If you think that's a bit much, get a load of this, from the "Environment Education" section of an Ontario Ministry of Ed doc outlining the curriculum of the province's just-introduced all-day kindergarten program:
The three goals outlined in Acting Today, Shaping Tomorrow [the Min of Ed doc detailing eco-education in general] are organized around the themes of teaching and learning, student engagement and community connections, and environmental leadership. The first goal is to promote learning about environmental issues and solutions. The second is to engage students in practising and promoting environmental stewardship, both in the school and in the community. The third stresses the importance of providing leadership by implementing and promoting responsible environmental practices throughout the education system so that staff, parents, community members, and students become dedicated to living more sustainably.Gosh, that sounds very educational, doesn't it? Teaching kids to "appreciate" the value of fresh air and outdoor spaces, I mean.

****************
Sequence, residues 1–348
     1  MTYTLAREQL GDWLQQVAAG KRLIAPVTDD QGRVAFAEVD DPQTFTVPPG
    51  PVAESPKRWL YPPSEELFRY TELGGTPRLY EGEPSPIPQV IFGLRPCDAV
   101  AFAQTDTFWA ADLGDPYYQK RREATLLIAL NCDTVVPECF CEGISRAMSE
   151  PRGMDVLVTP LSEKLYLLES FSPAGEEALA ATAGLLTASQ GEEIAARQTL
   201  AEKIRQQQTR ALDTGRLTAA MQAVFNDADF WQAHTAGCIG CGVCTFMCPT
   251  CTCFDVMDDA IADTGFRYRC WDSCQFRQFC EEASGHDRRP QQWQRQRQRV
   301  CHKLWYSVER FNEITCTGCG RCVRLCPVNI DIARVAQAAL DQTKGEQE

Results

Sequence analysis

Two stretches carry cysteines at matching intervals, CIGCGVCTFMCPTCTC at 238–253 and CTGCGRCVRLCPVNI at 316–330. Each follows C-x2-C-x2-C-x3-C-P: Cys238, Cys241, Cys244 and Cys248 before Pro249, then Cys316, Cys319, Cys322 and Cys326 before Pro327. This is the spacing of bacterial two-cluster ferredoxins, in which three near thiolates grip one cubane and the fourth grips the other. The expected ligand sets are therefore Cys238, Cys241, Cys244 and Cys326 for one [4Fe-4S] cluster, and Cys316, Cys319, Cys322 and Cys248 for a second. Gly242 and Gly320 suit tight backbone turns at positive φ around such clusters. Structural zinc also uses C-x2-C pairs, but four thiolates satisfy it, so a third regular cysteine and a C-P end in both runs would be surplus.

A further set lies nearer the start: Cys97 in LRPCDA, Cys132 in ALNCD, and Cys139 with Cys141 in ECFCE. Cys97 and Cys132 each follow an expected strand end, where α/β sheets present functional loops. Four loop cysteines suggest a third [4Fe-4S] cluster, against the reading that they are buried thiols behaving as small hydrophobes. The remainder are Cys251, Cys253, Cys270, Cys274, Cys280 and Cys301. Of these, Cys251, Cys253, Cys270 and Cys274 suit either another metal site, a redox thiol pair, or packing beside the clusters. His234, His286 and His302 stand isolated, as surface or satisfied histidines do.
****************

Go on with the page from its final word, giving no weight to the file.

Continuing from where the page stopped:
The Full-Day Early Learning–Kindergarten program offers many opportunities for accomplishing these goals. The learning environments for early learning include the school yard, fields and trails in the vicinity of the school, and various other outdoor venues. Teaching children to appreciate and respect the environment is an integral part of being active in these spaces. Appreciating the value of fresh air and outdoor spaces, understanding the environmental benefits of healthy practices such as active transportation (walking, biking) and the environmental implications of various food choices, being aware of the impact of using trails, and understanding the health risks associated with environmental factors such as sun exposure and air pollution are all components of environmental education that can be integrated with learning in Full-Day Early Learning–Kindergarten programs. To facilitate these connections, Early Learning–Kindergarten teams are encouraged to take children out of the classroom and into the world beyond the school to help them observe, explore, and appreciate nature.
What nanny state eco-tripe! And, with its emphasis on "nature," eerily reminiscent of what Hitler-era kidlets were "learning" in German schools (minus the Judenhass, of course).